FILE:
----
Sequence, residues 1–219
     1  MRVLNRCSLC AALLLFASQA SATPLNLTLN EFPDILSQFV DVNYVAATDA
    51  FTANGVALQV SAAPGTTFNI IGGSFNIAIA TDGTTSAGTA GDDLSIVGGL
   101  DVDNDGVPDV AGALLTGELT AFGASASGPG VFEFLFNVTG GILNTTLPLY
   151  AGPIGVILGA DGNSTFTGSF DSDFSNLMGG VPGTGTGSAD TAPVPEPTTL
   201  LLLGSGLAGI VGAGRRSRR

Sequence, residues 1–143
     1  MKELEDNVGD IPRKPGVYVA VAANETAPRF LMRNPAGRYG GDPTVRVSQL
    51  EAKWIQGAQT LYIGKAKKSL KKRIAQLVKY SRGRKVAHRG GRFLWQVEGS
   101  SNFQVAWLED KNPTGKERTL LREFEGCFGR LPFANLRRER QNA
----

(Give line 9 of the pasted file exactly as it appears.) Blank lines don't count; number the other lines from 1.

    51  EAKWIQGAQT LYIGKAKKSL KKRIAQLVKY SRGRKVAHRG GRFLWQVEGS